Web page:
Quantum and classical probability of finding oscillator as a function of position. |
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Classically, the probability that the oscillating particle is at a given value of x is simply the fraction of time that it spends there, which is inversely proportional to its velocity at that position. The particle must stop completely (for a moment) before reversing its direction, and so it spends the most time where the spring is either fully compressed or fully extended (). It spends the least time where its velocity is greatest, i.e., where the spring is at its equilibrium length (). Classically, there is zero chance for a particle to have a potential energy V greater than its total energy E, and so the motion is strictly confined to the range (see vertical dotted lines at ).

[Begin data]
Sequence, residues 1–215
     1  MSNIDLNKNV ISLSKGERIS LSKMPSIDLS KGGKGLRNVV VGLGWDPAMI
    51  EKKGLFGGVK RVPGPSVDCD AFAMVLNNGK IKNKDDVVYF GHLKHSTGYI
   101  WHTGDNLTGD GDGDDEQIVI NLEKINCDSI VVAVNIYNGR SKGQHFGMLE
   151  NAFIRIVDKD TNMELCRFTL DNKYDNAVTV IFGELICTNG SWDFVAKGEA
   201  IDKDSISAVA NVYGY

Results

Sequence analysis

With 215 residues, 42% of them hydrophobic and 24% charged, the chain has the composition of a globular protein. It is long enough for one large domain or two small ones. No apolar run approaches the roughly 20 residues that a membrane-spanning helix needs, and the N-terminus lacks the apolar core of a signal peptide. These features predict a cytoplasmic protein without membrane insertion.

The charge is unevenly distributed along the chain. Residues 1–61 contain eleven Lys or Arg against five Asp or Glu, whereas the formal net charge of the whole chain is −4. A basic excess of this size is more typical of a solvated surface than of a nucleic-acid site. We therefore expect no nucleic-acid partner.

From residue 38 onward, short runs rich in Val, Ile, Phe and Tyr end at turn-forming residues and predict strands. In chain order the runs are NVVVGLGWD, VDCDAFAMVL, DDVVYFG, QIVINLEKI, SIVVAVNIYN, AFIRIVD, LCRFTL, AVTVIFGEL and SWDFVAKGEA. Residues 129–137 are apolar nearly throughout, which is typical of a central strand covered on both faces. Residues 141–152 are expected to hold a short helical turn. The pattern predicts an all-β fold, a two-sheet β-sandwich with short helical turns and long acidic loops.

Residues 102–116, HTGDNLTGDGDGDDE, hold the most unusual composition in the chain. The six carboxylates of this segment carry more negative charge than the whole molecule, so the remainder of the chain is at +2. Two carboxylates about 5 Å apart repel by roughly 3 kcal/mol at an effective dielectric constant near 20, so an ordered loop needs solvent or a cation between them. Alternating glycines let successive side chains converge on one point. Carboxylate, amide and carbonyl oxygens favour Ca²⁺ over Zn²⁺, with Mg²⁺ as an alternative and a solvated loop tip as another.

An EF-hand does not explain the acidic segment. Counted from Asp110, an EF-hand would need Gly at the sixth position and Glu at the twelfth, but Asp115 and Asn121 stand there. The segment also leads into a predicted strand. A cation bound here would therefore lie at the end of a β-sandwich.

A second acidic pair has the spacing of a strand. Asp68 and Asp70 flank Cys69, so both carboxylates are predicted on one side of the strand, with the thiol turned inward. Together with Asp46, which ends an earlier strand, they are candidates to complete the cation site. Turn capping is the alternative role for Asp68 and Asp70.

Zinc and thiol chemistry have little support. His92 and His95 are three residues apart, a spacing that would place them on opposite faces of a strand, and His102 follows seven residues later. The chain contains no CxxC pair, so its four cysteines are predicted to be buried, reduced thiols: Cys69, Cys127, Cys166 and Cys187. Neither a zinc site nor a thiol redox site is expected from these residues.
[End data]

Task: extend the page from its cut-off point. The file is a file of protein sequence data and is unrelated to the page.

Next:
Quantum mechanically, there exist states (any n > 0) for which there are locations x, where the probability of finding the particle is zero, and that these locations separate regions of high probability! Also, note that there is appreciable probability that the particle can be found outside the range , where classically it is strictly forbidden! This quantum mechanical tunneling is related to the famous Heisenberg Uncertainty Principle, which states that one cannot know both the position and momentum of a particle with infinite precision at the same time.
Finally, note that the classical approximation more closely resembles the average of as the energy of the oscillator increases.